Agriculture Bill

House vows to pass agriculture bill soon

The Jakarta Post, Jakarta

A bill that provides greater protection for the sustainability of agriculture will be passed by the House of Representatives before the end of its current term this year, with NGOs calling for bank credit for land ownership for farmers.

Once passed into law, the agriculture land sustainability bill will protect the country’s farmlands from being converted into industrial and commercial areas.

Agusdin Pulungan, head of the Indonesian Agriculture and Fishing Association (WAMTI), said the law was urgently needed because of the large number of farmland being converted into industrial and commercial areas.

“Farmers sell their lands to industrial companies because it’s much more profitable [than farming],” Agusdin told The Jakarta Post during a WAMTI hearing on the bill with the House on Thursday.

“That is why we need the bill to be passed, so the government can protect farmland to sustain domestic food resources, while at the same time improve farmers’ welfare.”

Data from the Agriculture Ministry shows a very slow rate of farmland development, especially for rice paddies, the country’s main source for domestic food resources.

The ministry recorded that of the 7.7 million hectares of total rice paddies in the country in 1986, there was only a slight increase to 8.25 million hectares by 1996. By 2000, that figure had gone down to 7.79 million hectares.

The slow rate is due to the large number of farmland being converted into industrial and commercial sites.

“The Indonesian Farmer’s Association [HKTI] records that such conversions reach 300,000 hectares per year, with 80 percent occurring in Java, the main domestic food resources area,” said HKTI secretary Noer Soetjipto.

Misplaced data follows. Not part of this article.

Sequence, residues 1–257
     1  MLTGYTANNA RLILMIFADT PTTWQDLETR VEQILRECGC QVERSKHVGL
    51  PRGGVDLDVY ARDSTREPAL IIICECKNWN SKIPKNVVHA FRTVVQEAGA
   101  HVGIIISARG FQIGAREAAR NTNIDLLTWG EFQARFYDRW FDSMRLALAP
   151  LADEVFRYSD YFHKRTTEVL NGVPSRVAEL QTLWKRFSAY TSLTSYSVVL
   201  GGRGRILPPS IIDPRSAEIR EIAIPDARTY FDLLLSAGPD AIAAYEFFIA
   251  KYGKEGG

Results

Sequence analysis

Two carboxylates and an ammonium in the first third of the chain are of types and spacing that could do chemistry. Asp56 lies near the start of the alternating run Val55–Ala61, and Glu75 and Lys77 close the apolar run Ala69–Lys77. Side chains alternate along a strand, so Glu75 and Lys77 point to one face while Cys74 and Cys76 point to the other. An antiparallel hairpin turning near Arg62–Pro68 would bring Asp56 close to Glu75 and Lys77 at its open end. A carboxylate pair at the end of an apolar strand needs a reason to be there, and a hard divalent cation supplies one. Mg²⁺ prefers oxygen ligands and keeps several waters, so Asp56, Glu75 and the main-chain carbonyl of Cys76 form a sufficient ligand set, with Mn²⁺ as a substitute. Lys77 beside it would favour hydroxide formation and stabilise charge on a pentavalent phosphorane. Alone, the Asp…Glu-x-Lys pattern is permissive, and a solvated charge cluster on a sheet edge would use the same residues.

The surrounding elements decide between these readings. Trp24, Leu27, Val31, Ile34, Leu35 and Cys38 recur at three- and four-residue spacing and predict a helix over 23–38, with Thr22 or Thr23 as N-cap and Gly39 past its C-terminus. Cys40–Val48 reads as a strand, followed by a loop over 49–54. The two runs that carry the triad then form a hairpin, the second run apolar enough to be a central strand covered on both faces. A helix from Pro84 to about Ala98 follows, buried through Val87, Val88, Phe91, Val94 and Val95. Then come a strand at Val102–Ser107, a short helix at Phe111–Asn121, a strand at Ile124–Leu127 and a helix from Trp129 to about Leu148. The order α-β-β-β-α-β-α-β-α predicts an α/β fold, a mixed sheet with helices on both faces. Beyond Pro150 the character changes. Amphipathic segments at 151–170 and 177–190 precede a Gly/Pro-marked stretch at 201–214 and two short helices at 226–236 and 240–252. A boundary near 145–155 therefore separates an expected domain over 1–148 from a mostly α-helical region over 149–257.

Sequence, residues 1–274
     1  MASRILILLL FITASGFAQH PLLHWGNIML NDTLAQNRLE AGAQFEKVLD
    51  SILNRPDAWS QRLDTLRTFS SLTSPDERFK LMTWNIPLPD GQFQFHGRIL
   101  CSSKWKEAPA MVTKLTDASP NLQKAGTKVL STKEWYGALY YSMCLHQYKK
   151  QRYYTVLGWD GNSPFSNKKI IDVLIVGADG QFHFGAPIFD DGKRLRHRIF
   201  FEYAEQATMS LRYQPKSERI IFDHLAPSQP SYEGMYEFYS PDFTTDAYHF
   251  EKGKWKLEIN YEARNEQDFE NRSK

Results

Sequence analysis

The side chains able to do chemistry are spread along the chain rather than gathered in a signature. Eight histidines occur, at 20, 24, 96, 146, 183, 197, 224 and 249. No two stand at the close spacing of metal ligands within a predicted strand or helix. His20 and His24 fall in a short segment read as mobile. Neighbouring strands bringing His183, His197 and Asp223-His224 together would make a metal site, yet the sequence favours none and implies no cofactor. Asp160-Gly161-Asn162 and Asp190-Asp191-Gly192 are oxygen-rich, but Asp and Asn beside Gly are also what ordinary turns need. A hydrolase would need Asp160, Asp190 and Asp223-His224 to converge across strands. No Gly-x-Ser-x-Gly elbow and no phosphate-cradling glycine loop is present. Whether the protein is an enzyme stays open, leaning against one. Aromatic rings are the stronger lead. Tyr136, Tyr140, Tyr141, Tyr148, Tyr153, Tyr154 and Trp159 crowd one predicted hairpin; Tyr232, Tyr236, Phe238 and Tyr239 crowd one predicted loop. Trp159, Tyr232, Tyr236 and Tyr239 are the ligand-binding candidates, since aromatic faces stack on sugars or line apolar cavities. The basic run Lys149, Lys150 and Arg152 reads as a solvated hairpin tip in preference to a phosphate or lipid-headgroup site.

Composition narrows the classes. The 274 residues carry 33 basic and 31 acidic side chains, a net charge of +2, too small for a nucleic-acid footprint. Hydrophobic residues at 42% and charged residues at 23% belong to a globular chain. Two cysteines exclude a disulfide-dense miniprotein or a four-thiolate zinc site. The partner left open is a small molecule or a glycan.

“It’s very important that [once the bill is passed into law] the government immediately drafts a regulation [to put the law into execution].”

However, WAMTI deputy for advocacy Sri Naida warned that the bill should not focus entirely on Java.

“The law should also cover the issues of nomadic farmers in Kalimantan and agricultural areas located on coastlines,” she said.

“And the most important thing the law should concern is the issue of farming as a source of livelihood in rural areas.”

Winarno Tohir, head of the Farming and Fishery Contact Reliance (KTNA), also suggested the establishment of a bank that would focus on providing farmers with loans and credit for land ownership, as part of an effort to improve farmers’ welfare. Large numbers of Indonesian farmers possess no land, but work as farming laborers, which Winarno pointed out as the condition that caused their poverty.

“There’s credit for cars, houses and apartments. Why can’t we have credit for farming?” he said.

Winarno, who also attended the hearing at the House, said the government needed to revise a clause in the agriculture sustainability bill to ensure basic prices for agricultural produce.

“Clause number 55 in the bill states that the government guarantees `profitable food commodities prices’. I suggest the government should regulate a `basic price’ for farming commodities,” he said.

Hilman Indra, deputy chairman of House Commission IV, said the bill would be passed “as soon as possible, probably before the end of our tenure in 2009”. (hdt)


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